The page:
Conte re­vealed Ro­man Abramovich watched train­ing last Sun­day in the wake of the 1-0 win at Bournemouth, with the owner hav­ing been at Cob­ham this week. The cham­pi­ons are nine points off Manch­ester City in the league, al­beit still in fourth place, and the hu­mil­i­a­tion at Roma prompted the head coach to ques­tion, both pub­licly and pri­vately, his play­ers’ com­mit­ment and hunger to de­fend their ti­tle. He has since claimed the team’s malaise will demon­strate whether the play­ers “are win­ners or losers”.

In foot­ball, Age Hareide sug­gests, the pain of de­feat lingers much longer than the joy of vic­tory. And as the 64 year-old pre­pares his Den­mark side for the up­com­ing play-off games against Ire­land, he is still af­flicted by his near misses in qual­i­fy­ing with Nor­way and the Cham­pi­ons League maul­ing his Malmo side en­dured just be­fore he left for Copen­hagen. Get­ting to Rus­sia, he says, will fi­nally heal the wounds.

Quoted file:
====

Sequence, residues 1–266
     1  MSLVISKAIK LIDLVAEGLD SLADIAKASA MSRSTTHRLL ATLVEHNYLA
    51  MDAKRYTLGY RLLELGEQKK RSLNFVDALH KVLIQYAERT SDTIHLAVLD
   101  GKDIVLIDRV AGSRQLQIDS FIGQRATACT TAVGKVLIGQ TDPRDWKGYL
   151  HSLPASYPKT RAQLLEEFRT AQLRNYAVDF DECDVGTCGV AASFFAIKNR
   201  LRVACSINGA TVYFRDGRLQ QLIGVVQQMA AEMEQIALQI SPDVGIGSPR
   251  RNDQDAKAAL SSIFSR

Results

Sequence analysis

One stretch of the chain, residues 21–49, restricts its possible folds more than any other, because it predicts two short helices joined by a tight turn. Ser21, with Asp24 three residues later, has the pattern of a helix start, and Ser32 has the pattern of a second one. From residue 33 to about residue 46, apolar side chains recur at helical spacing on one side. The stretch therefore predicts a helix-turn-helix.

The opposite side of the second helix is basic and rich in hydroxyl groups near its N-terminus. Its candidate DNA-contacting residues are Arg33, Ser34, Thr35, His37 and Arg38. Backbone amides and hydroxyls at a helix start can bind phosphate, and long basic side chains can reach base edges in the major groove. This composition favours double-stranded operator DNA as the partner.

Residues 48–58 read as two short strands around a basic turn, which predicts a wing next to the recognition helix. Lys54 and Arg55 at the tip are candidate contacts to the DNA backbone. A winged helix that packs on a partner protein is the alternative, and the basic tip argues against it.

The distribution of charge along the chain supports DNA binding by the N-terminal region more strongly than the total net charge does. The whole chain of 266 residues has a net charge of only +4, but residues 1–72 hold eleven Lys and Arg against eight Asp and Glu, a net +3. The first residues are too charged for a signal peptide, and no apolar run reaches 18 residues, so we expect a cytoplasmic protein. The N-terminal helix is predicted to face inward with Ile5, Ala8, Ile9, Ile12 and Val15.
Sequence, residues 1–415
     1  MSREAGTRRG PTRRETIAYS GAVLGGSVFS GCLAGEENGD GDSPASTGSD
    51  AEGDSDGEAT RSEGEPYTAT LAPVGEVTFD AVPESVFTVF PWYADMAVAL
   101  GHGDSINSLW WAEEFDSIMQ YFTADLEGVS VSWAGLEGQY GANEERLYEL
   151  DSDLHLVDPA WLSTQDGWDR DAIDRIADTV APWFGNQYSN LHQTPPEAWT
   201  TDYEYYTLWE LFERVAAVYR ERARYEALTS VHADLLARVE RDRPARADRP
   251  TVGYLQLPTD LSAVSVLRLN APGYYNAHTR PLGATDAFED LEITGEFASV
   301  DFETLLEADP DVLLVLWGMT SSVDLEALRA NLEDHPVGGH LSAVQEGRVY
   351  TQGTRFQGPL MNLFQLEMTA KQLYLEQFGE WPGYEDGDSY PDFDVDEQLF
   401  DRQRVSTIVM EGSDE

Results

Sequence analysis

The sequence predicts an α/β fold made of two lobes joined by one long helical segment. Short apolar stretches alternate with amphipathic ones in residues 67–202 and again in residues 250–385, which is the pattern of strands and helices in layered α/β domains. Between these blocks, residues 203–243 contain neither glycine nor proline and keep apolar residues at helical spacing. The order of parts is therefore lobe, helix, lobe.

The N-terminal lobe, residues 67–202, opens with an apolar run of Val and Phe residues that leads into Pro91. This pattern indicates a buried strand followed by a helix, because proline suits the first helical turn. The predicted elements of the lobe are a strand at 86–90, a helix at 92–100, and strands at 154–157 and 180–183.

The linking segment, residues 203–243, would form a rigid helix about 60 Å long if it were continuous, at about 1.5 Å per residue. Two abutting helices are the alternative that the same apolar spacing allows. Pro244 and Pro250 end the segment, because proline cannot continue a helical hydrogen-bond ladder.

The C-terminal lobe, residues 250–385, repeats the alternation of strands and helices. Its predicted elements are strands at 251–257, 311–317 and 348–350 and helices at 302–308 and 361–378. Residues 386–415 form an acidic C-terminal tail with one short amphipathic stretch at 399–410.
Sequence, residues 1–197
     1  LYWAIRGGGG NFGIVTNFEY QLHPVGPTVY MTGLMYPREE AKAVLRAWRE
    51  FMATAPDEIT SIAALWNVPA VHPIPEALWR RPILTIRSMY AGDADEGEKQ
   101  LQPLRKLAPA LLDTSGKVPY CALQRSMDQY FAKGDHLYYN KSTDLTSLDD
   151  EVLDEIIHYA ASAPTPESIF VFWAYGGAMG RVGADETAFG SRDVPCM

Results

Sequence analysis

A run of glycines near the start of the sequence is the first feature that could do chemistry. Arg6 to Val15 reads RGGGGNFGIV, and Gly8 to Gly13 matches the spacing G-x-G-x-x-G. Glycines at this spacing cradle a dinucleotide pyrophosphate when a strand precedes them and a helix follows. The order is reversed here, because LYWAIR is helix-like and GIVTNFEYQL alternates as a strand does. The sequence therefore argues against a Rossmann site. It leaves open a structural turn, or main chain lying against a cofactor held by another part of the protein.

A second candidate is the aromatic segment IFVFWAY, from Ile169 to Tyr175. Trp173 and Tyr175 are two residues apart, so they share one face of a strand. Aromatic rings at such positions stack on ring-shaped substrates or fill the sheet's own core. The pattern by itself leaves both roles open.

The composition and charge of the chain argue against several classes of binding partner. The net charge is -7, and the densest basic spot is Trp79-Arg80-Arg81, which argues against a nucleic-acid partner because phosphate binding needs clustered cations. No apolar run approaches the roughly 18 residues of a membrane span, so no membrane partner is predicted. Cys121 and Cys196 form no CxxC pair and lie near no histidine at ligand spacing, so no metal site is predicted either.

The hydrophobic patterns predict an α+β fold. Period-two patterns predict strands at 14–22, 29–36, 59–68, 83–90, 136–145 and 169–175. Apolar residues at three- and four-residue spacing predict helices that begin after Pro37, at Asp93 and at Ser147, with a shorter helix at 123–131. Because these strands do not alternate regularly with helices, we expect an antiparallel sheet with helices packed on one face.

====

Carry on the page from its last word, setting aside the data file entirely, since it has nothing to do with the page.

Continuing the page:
There is no great shame in those oc­ca­sions when he and his teams have come up short. Nor­way lost a play­off for the World Cup in 2006 to a very good Czech side.

Per­haps more painfully, Den­mark missed out on au­to­matic qual­i­fi­ca­tion for Euro2008 af­ter be­ing beaten at home by a Turk­ish side that would push Ger­many all the way in the tour­na­ment’s semi-fi­nals.

Malmo, mean­while, were a big suc­cess story by Swedish stan­dards in that they twice qual­i­fied for the group stages of the Cham­pi­ons League a cou­ple of sea­sons back un­der his lead­er­ship. How­ever, once there the re­al­ity of cop­ing with life on the same stage as the con­ti­nent’s very best sides hit home with a vengeance.